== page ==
|SURFACE TRANSPORTATION BOARD DECISION DOCUMENT|
|CITY OF MILWAUKIE-PETITION FOR DECLARATORY ORDER|
|DECISION DISCUSSED WHETHER TWO LOCAL ORDINANCES ARE PREEMPTED BY FEDERAL LAW.|
| 107 KB|
|Approximate download time at 28.8 kb: 2 Minutes|
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|Full Text of Decision|
42880 SERVICE DATE – MARCH 25, 2013
SURFACE TRANSPORTATION BOARD DECISION
Docket No. FD 35625
CITY OF MILWAUKIE—PETITION FOR DECLARATORY ORDER Digest:1 This decision discusses whether two local ordinances are preempted by
federal law. Because a final decision on preemption depends upon resolution of a state property law matter, which was brought to the Board’s attention after the Board instituted this proceeding, the Board does not resolve the preemption issue but provides guidance to the court that will address the state law question.
Decided: March 20, 2013
On September 10, 2012, the Board instituted a proceeding to address a controversy between the City of Milwaukie, Or., (the City) and the Oregon Pacific Railway Company (OPRC) regarding the City’s proposed enforcement against the railroad of two municipal regulations. The City requests that we find that 49 U.S.C. § 10501(b) does not preempt enforcement of the local ordinances at issue. While we provide guidance in this decision to the court and parties on federal preemption as it relates to railroads, because there are outstanding state property law issues that must be decided first, we will not resolve the preemption question presented here at this time.
On June 29, 2012, the City filed a petition for declaratory order requesting that the Board declare that two municipal regulations are not preempted by federal law and that it can enforce them against OPRC. On July 3, 2012, OPRC filed a letter with the Board noting generally its opposition to the petition. By decision served on September 10, 2012, the Board instituted a proceeding and established a procedural schedule. Pursuant to the procedural schedule, on October 10, 2012, OPRC filed its reply, and on October 25, 2012, the City filed its rebuttal.
The municipal regulations at issue prohibit (1) scattering rubbish, and (2) obstructing vehicular and pedestrian traffic. Milwaukie, Or. Mun. Code §§ 8.04.120, 10.44.030 (2011). In its petition, the City states that OPRC owns a train maintenance facility on approximately 0.78
1 The digest constitutes no part of the decision of the Board but has been prepared for the convenience of the reader. It may not be cited to or relied upon as precedent. Policy Statement
acres within the City and that OPRC stores rails, railroad ties, piles of gravel, and other large “debris” along the border of the facility on a public right-of-way.2 The City claims that OPRC’s use of the public land to store materials may constitute a serious risk and hazard to the general public.3 The City argues that under its traditional police powers, it may protect the health and safety of the public by enforcing the two ordinances.4 The City also argues that any effect on OPRC and the federal regulatory scheme is merely peripheral and that enforcement of the ordinances would not unreasonably interfere with interstate commerce.5 It adds that the regulations are not directed at the railroad or OPRC’s use of its own property.6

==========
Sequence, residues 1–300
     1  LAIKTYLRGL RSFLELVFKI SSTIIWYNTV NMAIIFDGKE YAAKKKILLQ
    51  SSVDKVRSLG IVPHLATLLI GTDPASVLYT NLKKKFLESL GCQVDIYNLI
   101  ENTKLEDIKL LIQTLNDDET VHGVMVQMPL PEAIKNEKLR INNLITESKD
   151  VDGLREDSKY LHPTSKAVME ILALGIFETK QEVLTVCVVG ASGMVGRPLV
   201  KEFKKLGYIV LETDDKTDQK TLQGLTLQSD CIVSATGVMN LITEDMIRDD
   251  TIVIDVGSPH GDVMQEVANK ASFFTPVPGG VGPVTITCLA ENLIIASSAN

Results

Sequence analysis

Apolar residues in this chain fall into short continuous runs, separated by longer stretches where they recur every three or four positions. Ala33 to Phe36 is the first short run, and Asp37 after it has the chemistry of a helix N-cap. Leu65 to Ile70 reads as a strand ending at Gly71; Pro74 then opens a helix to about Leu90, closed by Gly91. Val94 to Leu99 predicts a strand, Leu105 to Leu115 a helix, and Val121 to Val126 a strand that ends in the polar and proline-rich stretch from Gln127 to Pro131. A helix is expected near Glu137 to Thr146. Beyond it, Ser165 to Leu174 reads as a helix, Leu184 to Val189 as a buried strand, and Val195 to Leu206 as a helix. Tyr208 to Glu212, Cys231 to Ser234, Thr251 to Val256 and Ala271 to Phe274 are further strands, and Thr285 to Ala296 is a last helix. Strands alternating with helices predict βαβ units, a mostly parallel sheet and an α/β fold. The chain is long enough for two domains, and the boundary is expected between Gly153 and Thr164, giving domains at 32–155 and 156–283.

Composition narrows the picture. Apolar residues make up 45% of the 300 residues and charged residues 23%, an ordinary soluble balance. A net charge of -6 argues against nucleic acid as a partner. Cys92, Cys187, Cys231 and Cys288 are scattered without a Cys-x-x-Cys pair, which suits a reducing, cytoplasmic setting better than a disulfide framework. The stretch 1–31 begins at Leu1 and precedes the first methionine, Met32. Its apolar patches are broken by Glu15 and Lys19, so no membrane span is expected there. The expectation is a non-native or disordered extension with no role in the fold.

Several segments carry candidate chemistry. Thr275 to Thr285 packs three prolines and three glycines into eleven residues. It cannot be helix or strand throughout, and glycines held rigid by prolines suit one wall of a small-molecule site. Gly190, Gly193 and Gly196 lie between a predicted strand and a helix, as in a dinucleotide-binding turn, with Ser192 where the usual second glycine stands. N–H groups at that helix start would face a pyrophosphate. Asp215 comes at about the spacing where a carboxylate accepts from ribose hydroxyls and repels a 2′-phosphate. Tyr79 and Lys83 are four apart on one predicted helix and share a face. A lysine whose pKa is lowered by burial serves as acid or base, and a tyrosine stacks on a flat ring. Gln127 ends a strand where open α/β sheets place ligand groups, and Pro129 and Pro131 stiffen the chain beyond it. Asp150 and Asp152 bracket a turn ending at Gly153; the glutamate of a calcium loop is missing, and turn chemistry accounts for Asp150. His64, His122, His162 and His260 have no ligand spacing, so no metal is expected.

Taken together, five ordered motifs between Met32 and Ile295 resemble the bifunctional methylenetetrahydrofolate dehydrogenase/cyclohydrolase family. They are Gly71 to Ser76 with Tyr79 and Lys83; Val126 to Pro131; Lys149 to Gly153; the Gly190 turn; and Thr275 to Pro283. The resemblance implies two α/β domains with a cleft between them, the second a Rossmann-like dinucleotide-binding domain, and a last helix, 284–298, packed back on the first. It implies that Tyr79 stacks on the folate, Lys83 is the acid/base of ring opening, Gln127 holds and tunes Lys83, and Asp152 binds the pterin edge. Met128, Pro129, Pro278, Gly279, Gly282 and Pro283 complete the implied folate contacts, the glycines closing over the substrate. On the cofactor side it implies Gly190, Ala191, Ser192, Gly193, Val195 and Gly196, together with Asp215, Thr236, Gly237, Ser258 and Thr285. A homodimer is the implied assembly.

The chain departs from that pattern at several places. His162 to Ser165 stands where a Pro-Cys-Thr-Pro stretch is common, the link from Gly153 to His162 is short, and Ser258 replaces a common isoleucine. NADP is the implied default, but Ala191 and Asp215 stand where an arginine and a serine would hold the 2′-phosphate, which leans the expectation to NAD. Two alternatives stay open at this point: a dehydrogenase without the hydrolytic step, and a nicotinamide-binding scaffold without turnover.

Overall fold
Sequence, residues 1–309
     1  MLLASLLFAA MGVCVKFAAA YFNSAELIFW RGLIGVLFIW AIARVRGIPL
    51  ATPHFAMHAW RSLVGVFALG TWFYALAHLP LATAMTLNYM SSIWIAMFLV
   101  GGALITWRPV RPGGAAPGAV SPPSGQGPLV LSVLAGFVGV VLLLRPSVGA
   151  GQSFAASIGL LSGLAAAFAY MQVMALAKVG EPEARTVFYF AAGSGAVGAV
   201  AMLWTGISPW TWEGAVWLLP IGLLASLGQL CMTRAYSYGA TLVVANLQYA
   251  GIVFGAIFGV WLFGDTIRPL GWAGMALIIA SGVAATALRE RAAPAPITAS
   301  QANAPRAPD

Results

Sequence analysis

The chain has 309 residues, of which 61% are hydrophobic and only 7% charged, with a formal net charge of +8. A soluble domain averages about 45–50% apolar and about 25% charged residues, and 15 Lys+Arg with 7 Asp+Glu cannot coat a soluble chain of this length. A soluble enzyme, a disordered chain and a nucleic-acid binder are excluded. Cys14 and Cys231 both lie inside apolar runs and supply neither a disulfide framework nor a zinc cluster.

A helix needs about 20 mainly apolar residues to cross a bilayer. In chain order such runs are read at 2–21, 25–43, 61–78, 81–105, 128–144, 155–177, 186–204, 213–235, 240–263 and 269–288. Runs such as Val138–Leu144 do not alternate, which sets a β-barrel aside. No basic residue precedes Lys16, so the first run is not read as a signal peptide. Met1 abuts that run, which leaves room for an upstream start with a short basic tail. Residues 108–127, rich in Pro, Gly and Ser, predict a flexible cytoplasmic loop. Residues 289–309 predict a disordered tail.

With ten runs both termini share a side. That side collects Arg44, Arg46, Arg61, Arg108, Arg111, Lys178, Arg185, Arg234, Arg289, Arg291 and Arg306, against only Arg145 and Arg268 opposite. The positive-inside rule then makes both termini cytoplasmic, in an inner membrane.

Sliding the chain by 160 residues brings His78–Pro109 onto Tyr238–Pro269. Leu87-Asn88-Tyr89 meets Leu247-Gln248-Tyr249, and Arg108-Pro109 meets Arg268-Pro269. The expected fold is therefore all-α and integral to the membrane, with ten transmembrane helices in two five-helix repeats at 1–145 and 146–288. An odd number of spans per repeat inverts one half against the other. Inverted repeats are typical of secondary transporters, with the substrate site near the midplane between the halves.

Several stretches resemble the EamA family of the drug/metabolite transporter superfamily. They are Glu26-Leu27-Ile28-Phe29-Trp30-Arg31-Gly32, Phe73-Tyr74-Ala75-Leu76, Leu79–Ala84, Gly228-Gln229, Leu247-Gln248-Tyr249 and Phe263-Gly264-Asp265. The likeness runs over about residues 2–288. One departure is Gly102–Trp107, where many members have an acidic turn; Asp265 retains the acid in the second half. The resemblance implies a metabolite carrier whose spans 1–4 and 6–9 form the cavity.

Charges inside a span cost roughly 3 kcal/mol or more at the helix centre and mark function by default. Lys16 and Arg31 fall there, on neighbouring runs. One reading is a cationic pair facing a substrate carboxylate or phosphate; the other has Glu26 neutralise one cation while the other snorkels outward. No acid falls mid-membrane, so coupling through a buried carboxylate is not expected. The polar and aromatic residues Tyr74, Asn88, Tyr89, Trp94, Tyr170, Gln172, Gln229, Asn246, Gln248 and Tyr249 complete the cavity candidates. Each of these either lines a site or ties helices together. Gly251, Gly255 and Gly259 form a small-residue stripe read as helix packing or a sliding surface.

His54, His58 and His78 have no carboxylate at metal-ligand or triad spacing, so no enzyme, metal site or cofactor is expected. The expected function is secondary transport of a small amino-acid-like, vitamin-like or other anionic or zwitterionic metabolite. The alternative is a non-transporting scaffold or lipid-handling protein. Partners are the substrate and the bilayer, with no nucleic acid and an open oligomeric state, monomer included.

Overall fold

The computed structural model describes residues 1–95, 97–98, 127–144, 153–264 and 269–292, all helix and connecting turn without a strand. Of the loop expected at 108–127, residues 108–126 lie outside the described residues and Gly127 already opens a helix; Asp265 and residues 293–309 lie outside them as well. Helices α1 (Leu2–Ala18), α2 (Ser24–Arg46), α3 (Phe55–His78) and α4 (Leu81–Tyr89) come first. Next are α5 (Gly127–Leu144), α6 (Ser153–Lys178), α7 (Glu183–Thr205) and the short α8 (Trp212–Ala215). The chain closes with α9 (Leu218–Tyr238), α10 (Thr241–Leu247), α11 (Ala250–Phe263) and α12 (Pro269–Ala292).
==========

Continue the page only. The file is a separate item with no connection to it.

Following the Board’s decision to institute a proceeding, OPRC for the first time introduced the argument that it has lawfully appropriated the right to use the public land pursuant to Oregon’s appropriation law,7 and that the regulations are preempted by federal law because their application to OPRC would unduly interfere with railroad operations.8 OPRC states that it
is a small railroad that grew significantly after intense marketing efforts.9 OPRC asserts that it must use the public land adjacent to its maintenance facility to store replacement track materials, because it is essential that it be able to access such materials by forklift, and that OPRC does not own or control other property adjacent to its facility on which to do so.10 It argues that enforcement of the ordinances would penalize it for conducting activities that are part of rail transportation and would effectively preclude OPRC’s use of the land because it would be unable to pay the substantial fines imposed by the City under the ordinances.11
On rebuttal, the City argues that OPRC has no right to use the public land and that this type of storage is not “transportation” under 49 U.S.C. § 10102(9)(B) and, thus, its regulations
2 Petition 2-4.
3 Id. at 4.
4 Id. at 11.
7 OPRC Reply 6.
8 Id. at 3, 7.
9 Id. at 4.
10 Id. at 5.
11 Id. at 7.
are not preempted.12 It maintains that the two ordinances are not directed at regulating railroads, but at ensuring public safety.13
DISCUSSION AND CONCLUSIONS
Under 5 U.S.C. § 554(e) and 49 U.S.C. § 721, the Board has discretionary authority to issue a declaratory order to eliminate a controversy or remove uncertainty in a matter related to the Board’s subject matter jurisdiction. Before we can reach the preemption issue presented here, however, it is appropriate for a state or municipal court to resolve the parties’ property law dispute relating to Oregon’s appropriation law. The court may also resolve the preemption issue in the first instance, by applying existing Board and court precedent on the § 10501(b) federal preemption provision. Jie Ao & Xin Zhou—Petition for Declaratory Order (Ao Zhou), FD
35539, slip op. at 2, 8 (STB served June 6, 2012); CSX Transp., Inc.—Petition for Declaratory Order, FD 34662, slip op. at 8 (STB served May 3, 2005). To assist the court, we will summarize existing law with regard to the reach of § 10501(b).
General Preemption Precedent. The Interstate Commerce Act, as revised by the ICC Termination Act of 1995, Pub. L. No. 104-88, 109 Stat. 803, vests in the Board broad jurisdiction over “transportation by rail carrier,” 49 U.S.C. § 10501(a)(1), which extends to property, facilities, instrumentalities, or equipment of any kind related to that transportation,
49 U.S.C. § 10102(9). Moreover, the statute defines “railroad” broadly to include switch, spur, track, terminal, terminal facility, freight depot, yard, and ground, used or necessary for transportation. 49 U.S.C. § 10102(6). The preemption provision in the Board’s governing statute states that “the remedies provided under [49 U.S.C. §§ 10101-11908] with respect to regulation of rail transportation are exclusive and preempt the remedies provided under Federal or State law.” 49 U.S.C. § 10501(b).
While § 10501 is broad and far-reaching, there are, of course, limits. The Board and courts have recognized that federal law does not preempt all state and local regulation affecting transportation by rail carrier. N.Y. Susquehanna & W. Ry. v. Jackson (Jackson), 500 F.3d 238,
252 (3d Cir. 2007). Instead, it preempts “state laws that may reasonably be said to have the